It is my hope that each of you have enjoyed many friendships as I have. Who is it you are thinking of right now? Share with me, in the comments, the sweet friendship that enriched your life.





Tuesday, May 28, 2013

A Cautionary Tale

Gather around, ye gentle quilters, and heed my cautionary tale. I have great hopes that none shall ever experience this nefarious deed by giving ear to me now.

I spent a year of my quilting life working on the Farmer's Wife Quilt with a group of women. We were making two blocks a week. Not only that there are 111 blocks. It was a formidable, arduous, Herculean one-year project.  These very difficult six-inch blocks, some having 50-74 pieces, took every bit of the two weeks for me to make. But wait, I also paper-pieced them. All those itty-bitty pieces. (If you've made a Dear Jane quilt, I apologize for whining. But, I mean, who would ever be crazy brave enough to make a gazillion four-inch blocks?)

When I had made sweated over half a gazillion blocks, okay--somewhere around 35--I put them up on my design wall to gaze at their glory. And to provide me incentive to soldier on.


Here is where the tale takes a mournful turn. I left the blocks on the design wall. Along with the Spiderweb quilt you can see peeking out from the upper left-hand corner. Every day I would pass by the design wall and bask in the glory of six-months work.

One afternoon, as I walked into my house from a grueling day at work, I spied something horrific on the floor.



Horror of horrors, hubby's horrid cat had chewed off the corners of two of my blocks! In fairness I should attest that we had two cats in the house. One was mine, Newt, who never, ever chew on his beloved mistress' quilt blocks. It could only be the evil Cleo, my hubby's cat.

You can see the evil in her eyes!

I should have seen the warning signs.


 Avert your eyes if you are of the sensitive nature. Behold the destruction!







I immediately called hubby at work and told him that he was lucky his cat was still alive!



I then concocted a suitable welcome home for my hubby. I found two cat stuffies and hung 'em high on the front porch. Then I made some crosses and little graves and put them in the backyard.



Then I drug that horrid little feline out and showed her the fate of those who eat my quilt blocks. She pretended to be cool, you know how cats are. But she's never touched another block of mine again!

I put on the funeral dirge and waited for hubby to come home.

And here's how focused my hubby is...he walked right in and didn't even see the cats! But I made sure he did. Oh yes, I made sure he did! Those atrocious (stuffed) cats suffered a fitting death!




Design Wall & Memorial Day



Memorial Day is upon us again. I have been reflecting on the many, many soldiers who have given their lives to keep us a free nation. What selfless sacrifices were made. What untold suffering. I've been pondering on the Revolutionary War and the heroism displayed in a small, ragtag assortment of freedom-seeking people. Against all odds and countless sacrifices and death, these stalwart men achieved an unimaginable victory against the strongest nation in the world.

The Civil War was a fierce battle to obtain the rights for every person, regardless of color, to have the basic right: the right to be free to think for themselves, to direct their lives according to their choices and not be "owned" by anyone but themselves.

In both World Wars, the United States again fought valiantly against foreign foes to secure our freedom. My uncle was one of them. My son serves and daughter served in the Army during the current war. I count them as heroes.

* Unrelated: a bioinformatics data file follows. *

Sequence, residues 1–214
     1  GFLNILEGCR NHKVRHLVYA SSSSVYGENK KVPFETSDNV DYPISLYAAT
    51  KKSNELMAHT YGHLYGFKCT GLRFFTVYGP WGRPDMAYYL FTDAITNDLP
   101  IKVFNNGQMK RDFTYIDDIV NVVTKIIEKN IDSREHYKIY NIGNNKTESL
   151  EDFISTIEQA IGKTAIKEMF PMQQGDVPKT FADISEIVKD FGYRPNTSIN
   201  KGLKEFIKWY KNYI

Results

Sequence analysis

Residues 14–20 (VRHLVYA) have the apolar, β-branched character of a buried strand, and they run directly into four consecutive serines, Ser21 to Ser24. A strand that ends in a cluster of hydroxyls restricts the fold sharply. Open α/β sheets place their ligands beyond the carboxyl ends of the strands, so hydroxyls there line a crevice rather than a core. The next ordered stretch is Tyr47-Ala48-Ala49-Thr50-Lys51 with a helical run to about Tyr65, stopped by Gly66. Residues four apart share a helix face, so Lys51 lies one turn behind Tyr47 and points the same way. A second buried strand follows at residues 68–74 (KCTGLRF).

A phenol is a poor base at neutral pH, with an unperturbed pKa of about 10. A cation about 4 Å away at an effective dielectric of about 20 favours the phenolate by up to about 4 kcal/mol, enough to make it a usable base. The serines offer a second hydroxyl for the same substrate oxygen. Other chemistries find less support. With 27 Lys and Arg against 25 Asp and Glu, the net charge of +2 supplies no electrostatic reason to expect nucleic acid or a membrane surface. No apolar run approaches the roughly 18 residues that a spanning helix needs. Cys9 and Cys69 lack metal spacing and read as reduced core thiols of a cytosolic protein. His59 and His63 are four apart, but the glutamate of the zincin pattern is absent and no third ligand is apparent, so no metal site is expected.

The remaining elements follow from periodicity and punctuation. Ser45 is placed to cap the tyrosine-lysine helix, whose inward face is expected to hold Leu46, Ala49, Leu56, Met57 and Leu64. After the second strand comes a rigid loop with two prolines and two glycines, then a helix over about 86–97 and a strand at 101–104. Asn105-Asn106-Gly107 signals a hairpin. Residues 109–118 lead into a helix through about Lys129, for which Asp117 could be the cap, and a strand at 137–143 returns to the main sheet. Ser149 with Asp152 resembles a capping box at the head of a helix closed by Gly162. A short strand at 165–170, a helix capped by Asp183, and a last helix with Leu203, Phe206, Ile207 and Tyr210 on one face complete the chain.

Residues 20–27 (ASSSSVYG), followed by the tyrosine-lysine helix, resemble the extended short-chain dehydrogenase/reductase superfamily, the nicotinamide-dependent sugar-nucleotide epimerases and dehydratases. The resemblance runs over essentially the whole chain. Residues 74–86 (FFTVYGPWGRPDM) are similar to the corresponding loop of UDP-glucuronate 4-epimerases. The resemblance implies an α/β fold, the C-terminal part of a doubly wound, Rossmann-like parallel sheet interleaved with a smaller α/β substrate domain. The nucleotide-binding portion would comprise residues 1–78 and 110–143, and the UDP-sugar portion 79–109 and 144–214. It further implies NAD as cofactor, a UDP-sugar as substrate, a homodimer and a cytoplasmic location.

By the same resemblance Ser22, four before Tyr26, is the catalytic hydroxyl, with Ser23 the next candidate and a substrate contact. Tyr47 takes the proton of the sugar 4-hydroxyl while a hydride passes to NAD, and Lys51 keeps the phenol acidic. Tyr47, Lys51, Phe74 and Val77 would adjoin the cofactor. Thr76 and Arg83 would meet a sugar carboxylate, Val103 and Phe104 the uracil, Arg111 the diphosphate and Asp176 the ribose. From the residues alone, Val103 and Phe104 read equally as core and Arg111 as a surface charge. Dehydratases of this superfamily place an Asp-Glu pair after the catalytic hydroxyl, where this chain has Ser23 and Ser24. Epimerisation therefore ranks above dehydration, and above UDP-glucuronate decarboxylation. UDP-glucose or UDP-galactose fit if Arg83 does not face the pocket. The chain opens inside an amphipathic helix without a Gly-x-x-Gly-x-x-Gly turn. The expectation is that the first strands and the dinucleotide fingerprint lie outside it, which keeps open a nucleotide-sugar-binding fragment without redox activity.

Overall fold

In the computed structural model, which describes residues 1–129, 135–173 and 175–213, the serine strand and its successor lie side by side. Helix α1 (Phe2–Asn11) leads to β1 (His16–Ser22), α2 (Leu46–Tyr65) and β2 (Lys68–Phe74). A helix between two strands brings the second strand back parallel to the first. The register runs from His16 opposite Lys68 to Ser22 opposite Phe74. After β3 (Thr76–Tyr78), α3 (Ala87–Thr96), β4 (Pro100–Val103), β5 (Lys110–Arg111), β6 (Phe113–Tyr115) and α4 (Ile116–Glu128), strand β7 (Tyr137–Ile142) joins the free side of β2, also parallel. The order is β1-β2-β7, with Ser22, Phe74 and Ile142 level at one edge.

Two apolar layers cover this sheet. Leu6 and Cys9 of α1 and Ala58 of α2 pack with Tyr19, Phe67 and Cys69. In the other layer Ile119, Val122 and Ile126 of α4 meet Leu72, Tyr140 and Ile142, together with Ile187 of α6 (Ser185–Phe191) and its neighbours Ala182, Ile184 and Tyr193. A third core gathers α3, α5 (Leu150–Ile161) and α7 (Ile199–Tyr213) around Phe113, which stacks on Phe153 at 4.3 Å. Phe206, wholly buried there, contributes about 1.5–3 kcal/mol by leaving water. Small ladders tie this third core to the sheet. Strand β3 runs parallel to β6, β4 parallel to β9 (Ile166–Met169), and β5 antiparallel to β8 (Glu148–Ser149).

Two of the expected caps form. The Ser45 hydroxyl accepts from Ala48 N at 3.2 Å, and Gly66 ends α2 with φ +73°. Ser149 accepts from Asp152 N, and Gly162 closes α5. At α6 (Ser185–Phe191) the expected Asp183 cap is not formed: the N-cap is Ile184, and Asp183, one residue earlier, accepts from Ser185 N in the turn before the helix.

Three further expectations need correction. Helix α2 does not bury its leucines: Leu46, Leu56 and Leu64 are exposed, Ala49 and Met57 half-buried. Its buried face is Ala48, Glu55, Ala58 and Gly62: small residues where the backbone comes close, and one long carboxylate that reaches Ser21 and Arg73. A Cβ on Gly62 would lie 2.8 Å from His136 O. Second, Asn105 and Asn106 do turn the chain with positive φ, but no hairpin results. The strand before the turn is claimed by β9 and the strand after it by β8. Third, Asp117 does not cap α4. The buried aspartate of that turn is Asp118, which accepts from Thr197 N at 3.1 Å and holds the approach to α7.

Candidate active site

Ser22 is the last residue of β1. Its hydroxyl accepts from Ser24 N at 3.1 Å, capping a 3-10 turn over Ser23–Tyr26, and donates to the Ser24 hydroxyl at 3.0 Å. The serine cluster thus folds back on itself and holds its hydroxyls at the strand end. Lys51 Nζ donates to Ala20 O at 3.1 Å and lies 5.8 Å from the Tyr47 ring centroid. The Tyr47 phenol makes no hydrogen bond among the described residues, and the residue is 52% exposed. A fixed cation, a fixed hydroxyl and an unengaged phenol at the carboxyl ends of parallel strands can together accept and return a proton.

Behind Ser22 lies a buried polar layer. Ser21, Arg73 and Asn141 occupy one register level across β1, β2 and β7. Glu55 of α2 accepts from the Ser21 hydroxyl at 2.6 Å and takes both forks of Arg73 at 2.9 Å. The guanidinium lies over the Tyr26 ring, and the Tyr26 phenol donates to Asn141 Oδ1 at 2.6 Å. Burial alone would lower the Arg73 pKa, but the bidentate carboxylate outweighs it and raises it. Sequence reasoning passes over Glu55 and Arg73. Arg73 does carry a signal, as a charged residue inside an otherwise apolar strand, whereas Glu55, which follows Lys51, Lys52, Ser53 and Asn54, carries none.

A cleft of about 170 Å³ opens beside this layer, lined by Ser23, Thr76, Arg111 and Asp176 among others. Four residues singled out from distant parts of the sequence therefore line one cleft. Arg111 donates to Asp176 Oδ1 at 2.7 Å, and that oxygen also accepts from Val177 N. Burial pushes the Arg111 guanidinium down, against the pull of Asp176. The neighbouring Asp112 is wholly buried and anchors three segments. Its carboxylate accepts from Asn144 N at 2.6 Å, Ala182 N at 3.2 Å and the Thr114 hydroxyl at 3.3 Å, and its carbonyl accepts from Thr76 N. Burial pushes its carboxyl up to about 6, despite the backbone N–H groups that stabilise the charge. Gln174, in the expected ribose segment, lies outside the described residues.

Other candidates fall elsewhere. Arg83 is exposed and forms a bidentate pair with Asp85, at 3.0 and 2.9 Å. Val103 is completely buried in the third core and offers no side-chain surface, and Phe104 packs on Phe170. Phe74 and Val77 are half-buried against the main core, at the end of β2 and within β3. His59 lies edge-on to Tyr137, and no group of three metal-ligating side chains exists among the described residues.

I hope we can all remember and revere the heroes that have fought and are fighting to keep America the proud nation of freedom for all. I don't know your feelings about war but whatever they may be we can all honor the men and women who have been in the Military to do their duty and are filled with honor.

There is no conceivable way I can segue into the next subject: my design wall.

Here it is!

Just a portion of the blocks for the log cabin

Having a three-day weekend is always signal to me for lots of quilting! Thrilling!

Saturday I valiantly started squaring my blocks for the Log Cabin. I was going to add more strips that day. Yee haw. I couldn't wait to see the next light added on.

And from here it went downhill....


businesses,businessmen,cliffs,dangers,men,metaphors,over the edge,persons,risks


Some of the blocks were coming out perfect--yeah!!!!


A little less than half of them though...



cartoons,emotions,females,metaphors,persons,rain clouds,sad,sadness,unhappy,weather,women



wouldn't square up. Grief.  Agony. Woe. Agony.  Add your own adjective here: ____________

I was laying them out with my square ruler and drawing where the seam line needed to be to make it square. Nice idea, if it worked. I was drawing seamlines that were sometimes 1/8 of an inch. I cast around for solutions. I could tear them apart and start over. 31 blocks. I could sew a small piece of material to each edge to extend the block. I went with this plan. Separated all the naughty ones out to be in my quilt. Suddenly, I remember Ricky Tims, in a workshop, saying to a women who had the same problem as I. "Well, darlin', you just wet it down and iron it to death!"

I gave it a try and...hallelujah...it worked!!! So the picture you see is of some of the 31 blocks pinned to my ironing/cutting surface. I made a template where the 5" was cut out of the center. I wet down the blocks thoroughly and stretched and pinned them to the right size.

The funny thing is that just by wetting them down and smoothing them out they pretty much stretched out to the right size.

Now I'm off to unpin them and sew my little heart out. I can't wait to see the next light side put on. Hmmm.....didn't I say the same thing Saturday?

iCLIPART,luminous,modern designs,neon,red hearts,textures,Valentine's Day


I'm hooking up with:
Patchwork Times.
I have to say
freshly pieced
sew much ado
A Creative Princess